Esteban Nuñez was not some poor street kid from a broken, impoverished home.   This was the child of a wealthy and powerful political figure in California, a representative elected to make and uphold the laws for our state. It didn’t make any sense that his son could be involved with something like this. In the weeks and months that followed, the evidence mounted that Esteban Nuñez was not such a nice boy; despite the wealth and privilege he enjoyed, or the glowing character references that the judge received from high ranking public officials, such as  the Mayor of Los Angeles. Before it was taken down, I saw  Esteban Nuñez’s Facebook page, where he displayed images of himself and his friends torturing cats, showing gang signs, using foul language, and being disrespectful to both women and authority. Furthermore, Esteban was quoted as saying that he would “get away with the murder” because “his father would fix it all for him.”  He’d previously told a police officer who had stopped him for speeding to, “go ahead and give him a ticket ─ did the officer know who his dad was?”

It became apparent as time went on, that he and his friends went out that Saturday night, driving all the way from Sacramento to San Diego, armed with knives, looking for a fight. As the case was heard, the defense pointed out that the attackers had tried to destroy the evidence of the attack by burning their clothes and getting rid of the murder weapons, and colluding in an attempt to throw police off their trail.  Only the closed-captioned TV cameras on the campus, and tips from the public, including one from a cousin of one of the assailants, brought them to the authority’s attention.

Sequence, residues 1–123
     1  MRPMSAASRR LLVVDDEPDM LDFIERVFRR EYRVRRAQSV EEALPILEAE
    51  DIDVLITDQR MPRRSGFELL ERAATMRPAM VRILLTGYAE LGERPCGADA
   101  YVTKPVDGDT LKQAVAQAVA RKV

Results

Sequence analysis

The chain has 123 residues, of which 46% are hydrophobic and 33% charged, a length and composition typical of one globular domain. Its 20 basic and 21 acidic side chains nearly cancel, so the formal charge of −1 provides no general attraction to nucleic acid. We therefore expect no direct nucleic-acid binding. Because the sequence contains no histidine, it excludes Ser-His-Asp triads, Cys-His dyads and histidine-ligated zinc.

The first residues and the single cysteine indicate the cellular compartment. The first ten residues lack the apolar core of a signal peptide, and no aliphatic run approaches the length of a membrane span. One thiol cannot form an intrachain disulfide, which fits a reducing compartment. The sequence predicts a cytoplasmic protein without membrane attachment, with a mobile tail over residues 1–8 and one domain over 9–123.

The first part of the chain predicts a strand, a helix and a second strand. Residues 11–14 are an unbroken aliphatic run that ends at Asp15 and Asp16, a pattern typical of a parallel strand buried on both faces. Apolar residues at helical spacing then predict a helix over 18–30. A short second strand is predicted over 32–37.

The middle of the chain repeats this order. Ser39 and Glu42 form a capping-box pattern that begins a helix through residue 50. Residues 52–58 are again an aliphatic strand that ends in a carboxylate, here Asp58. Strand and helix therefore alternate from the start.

I also watched as the victim’s parents, Fred and Kathy Santos, along with their daughter, Brigida, carried themselves with grace and spoke with eloquence on behalf of their dead son and brother.  I watched them suffer financially, emotionally, and physically, with the publicity and the trial process, and   it was a sickening sight for anyone to witness.  I did the only thing I could, and that was to write on my personal blog about the situation.  Maybe it didn’t do anything truly helpful, but I received letters from Luis’s friends and relatives telling me that it gave them something.

That’s why, when Fred Santos announced that they were going to accept a plea bargain, in which the perpetrators would plead guilty to the lesser crime of manslaughter rather than stand trial for murder, I was shocked.  Why would the Santos family be satisfied with such a thing?  But, Fred explained that his wife and daughter were emotionally and physically worn down from the trial process, and to go through a jury trial would take another several years. Between the trials and automatic appeals processes, they had no certainty that the defendants would receive life sentences. They felt that justice would be served by the judge. They trusted the judicial system and prayed for a fair outcome.  It was also believed by their lawyers that the longer that the case was allowed to drag along, the more political power could be wielded by the other side. The Santos family was completely disheartened to hear that the Mayor of Los Angeles had publicly declared Esteban Nuñez innocent even before the courts heard any evidence in the case.